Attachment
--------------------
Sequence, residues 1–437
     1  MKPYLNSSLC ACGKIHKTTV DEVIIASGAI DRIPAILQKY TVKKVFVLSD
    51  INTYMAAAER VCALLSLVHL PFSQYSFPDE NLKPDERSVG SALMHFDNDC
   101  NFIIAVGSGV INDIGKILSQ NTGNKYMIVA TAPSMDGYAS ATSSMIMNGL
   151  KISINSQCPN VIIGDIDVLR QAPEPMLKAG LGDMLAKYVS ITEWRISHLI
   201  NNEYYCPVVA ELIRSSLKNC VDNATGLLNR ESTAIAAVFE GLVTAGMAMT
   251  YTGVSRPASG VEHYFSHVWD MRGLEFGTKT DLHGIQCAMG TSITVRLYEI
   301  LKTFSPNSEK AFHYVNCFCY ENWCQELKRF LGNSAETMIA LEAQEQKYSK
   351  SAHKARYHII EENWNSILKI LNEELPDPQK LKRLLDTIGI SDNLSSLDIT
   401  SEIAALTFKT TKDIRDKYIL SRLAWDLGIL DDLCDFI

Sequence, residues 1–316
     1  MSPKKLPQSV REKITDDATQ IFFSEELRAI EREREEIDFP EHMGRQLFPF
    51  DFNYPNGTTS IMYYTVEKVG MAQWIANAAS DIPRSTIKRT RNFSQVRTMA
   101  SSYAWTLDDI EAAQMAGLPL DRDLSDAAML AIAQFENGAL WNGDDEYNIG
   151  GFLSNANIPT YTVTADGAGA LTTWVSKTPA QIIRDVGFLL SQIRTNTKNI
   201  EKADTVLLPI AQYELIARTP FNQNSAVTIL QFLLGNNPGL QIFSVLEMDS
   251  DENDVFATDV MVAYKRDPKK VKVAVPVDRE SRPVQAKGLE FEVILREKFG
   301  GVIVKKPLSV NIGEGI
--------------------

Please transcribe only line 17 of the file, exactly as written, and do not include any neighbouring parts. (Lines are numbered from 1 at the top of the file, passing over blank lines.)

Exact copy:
   251  DENDVFATDV MVAYKRDPKK VKVAVPVDRE SRPVQAKGLE FEVILREKFG